Many dropped dead from hunger and exhaustion, and it is thought that around 10,000 people died during the four-month long of the queen’s hunt in which no record that a buffalo was killed. Perhaps this “madness” of Queen Ranavalona was what motivated a combined French and English attack on Madagascar in 1849, to which they failed miserably as European sailors were surprised by a false-fronted native fort that concealed a much more substantial structure (Built by Jean Laborde). It is said that a struggle between French and English troops over a temporarily captured Malagasy flag also contributed to Ranavalona’s victory. After the battle, 21 heads were cut off from the dead Europeans, stuck them on pikes, and lined them up on the beach, warning others of their countrymen’s mistakes and to repel any future invaders. And so the two nations decided they were better off concentrating their efforts on other African Kingdoms not ruled by “insane females”.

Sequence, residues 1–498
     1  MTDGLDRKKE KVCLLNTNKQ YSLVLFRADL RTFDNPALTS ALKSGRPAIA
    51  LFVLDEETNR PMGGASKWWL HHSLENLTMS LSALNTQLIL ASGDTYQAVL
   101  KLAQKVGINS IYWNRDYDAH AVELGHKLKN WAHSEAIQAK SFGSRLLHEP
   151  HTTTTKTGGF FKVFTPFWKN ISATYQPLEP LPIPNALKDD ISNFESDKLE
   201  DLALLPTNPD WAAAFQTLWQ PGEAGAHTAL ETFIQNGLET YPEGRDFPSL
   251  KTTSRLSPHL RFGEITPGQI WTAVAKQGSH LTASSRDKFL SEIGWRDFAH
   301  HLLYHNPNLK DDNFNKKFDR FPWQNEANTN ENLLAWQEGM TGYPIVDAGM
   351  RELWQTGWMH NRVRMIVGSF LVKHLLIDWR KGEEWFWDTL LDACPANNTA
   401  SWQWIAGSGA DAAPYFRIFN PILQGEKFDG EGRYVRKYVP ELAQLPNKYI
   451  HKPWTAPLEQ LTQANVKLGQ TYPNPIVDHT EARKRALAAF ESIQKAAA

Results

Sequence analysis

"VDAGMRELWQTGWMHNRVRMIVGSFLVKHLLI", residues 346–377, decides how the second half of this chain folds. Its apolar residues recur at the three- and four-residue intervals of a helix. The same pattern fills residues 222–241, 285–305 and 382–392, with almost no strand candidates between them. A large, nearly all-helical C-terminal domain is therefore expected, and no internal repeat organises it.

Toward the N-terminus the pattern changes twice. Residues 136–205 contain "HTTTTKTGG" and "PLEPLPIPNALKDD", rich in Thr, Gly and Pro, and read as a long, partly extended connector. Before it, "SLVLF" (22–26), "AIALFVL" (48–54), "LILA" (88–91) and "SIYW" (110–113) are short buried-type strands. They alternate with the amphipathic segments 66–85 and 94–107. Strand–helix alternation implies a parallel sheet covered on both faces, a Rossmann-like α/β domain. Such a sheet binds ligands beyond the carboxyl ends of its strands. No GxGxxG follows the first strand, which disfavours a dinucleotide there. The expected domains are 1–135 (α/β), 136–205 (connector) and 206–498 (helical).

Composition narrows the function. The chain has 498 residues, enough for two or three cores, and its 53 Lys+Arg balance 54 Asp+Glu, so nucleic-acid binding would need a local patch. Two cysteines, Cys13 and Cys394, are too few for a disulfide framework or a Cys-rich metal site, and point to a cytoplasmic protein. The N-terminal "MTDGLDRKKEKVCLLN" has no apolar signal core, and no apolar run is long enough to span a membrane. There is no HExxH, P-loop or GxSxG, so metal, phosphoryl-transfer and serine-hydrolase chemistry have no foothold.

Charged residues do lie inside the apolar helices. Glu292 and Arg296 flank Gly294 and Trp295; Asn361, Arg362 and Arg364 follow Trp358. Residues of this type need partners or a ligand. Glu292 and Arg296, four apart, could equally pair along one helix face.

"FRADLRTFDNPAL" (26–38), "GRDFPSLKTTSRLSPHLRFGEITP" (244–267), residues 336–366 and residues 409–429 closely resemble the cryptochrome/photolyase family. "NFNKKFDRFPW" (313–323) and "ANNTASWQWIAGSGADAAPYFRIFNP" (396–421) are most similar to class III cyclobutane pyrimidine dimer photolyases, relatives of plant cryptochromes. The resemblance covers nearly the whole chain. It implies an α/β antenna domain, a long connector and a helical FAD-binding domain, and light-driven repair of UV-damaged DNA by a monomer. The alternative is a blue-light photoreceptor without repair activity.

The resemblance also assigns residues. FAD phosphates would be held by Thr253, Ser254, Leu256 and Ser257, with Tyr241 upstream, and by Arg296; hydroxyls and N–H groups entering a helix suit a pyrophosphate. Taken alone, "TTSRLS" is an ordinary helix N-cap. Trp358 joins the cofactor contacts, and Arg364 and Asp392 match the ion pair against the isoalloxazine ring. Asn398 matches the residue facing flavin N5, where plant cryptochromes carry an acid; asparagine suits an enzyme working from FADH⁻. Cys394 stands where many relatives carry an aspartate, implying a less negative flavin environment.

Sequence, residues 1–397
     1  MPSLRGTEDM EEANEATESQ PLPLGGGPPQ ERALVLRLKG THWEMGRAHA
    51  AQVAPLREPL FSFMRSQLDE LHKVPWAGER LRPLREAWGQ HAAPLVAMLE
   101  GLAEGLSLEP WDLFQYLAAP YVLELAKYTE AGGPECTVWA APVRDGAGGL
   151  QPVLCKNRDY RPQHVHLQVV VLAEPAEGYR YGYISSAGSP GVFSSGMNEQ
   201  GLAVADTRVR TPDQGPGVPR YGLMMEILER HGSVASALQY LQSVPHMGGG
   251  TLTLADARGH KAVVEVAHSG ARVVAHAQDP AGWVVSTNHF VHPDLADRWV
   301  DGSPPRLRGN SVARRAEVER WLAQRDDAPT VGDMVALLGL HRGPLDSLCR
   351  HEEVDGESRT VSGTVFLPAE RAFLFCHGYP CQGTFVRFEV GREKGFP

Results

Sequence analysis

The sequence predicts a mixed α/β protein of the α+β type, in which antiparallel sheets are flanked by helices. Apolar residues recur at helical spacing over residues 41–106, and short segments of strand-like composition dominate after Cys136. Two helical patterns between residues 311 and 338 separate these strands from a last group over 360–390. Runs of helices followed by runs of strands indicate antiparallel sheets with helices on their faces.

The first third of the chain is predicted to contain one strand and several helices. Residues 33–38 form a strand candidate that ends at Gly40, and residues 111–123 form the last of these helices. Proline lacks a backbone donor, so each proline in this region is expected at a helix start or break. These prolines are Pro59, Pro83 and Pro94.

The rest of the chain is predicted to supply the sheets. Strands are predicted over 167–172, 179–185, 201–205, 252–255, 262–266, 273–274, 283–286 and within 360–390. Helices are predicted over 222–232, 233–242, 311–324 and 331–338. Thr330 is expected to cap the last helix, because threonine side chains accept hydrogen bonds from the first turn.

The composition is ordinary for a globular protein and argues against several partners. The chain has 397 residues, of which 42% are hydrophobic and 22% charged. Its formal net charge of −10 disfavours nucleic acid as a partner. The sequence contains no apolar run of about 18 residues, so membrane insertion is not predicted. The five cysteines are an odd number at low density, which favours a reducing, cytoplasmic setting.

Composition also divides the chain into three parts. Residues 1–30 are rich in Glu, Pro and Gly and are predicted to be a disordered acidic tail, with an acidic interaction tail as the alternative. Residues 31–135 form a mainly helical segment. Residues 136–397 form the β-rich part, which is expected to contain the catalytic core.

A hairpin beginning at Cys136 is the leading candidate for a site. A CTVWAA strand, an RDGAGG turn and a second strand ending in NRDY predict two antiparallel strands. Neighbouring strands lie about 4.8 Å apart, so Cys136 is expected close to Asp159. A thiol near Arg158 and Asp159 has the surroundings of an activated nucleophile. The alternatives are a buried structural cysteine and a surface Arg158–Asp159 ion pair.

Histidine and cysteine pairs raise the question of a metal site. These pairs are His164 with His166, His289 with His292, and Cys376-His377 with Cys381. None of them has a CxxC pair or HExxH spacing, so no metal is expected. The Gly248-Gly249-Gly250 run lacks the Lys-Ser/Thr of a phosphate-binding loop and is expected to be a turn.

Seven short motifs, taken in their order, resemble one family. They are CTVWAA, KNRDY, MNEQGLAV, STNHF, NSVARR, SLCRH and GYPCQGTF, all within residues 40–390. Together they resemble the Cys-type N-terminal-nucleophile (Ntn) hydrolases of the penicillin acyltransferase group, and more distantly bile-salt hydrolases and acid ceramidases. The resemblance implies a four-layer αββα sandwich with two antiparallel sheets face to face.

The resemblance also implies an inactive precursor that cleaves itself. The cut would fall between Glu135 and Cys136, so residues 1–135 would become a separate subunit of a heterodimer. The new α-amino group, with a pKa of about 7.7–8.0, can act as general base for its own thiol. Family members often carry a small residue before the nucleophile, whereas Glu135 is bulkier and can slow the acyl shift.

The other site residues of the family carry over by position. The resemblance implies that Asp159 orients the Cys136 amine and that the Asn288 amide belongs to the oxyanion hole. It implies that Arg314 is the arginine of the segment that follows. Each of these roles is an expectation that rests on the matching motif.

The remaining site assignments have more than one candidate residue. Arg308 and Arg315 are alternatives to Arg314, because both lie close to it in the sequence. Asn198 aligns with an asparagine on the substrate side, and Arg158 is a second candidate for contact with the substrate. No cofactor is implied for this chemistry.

In 1855, queen Ranavalona’s son Rakoto, entered into an agreement with a French man by the name Joseph-François Lambert who was a representative of the French on the Island. The agreement “charter” guaranteed Lambert and his business associates the first rights to the exploitation of many of the island’s commodities and natural resources. This does not go down well with Rakoto but Lambert conspired with Jean Laborde and local leaders to persuade Rakoto to sign the document written in French; a language in which the prince was not fluent — which Lambert orally translated as containing “only an account of the excessive pressures the Queen’s policies were placing on her subjects.” Rakoto, who was sympathetic toward the commoners and interested in easing their burden but suspicious about the letter’s true purpose, reluctantly signed the document unknowingly of a request for French military intervention that could have potentially brought Madagascar under France. The French were eager to hasten Rakoto’s succession in the interest of capitalizing on the Lambert Charter – the agreement between the French representative and Rakoto that could only come into effect upon the prince’s succession. France however did not intend to take such an action without the accord of their ally, Britain, whose influence had been so well-established on the island through their Christian converts. While Rakoto was made to swear on the Bible not to speak of the letter to anyone, his concerns had grown enough to contact a British diplomat, thereby revealing the true circumstances of the plans and so the British refused to cooperate in the French plot, and an attack was averted, or so it was thought. But Lambert decided to instigate a coup d’état having failed to gain the support of the British or the French to place Rakoto on the throne and bring the charter into effect. In 1857, he traveled to Ranavalona’s court in the company of the celebrated 19th-century Austrian globetrotter Ida Pfeiffer, who became an unwitting participant in the plot (She documented her perspective on these events in one of her late works). According to Pfeiffer, “Rakoto and Lambert had planned to dethrone the queen on June 20, when ministers and soldiers loyal to Rakoto would infiltrate the Rova grounds and declare loyalty to the prince and support for a political transition.” Pfeiffer blamed the failure of the plot on Rainilaiarivony, then Commander-in-Chief of the army who reportedly had been unable to ensure the presence of soldiers in the courtyard who were loyal to Radama. According to a British account however, “Rakoto himself was credited with warning the queen of the plot, in which his cooperation was merely a ploy to entrap the conspirators. This British view claims that Ranavalona deliberately allowed the plot to unfold almost to its conclusion in order to ascertain the loyalties of her members of government. After the plot’s discovery, the Europeans were largely confined to their houses on the palace grounds and prohibited from receiving visitors, until an order was issued to immediately and permanently quit the queen’s territory in late July.”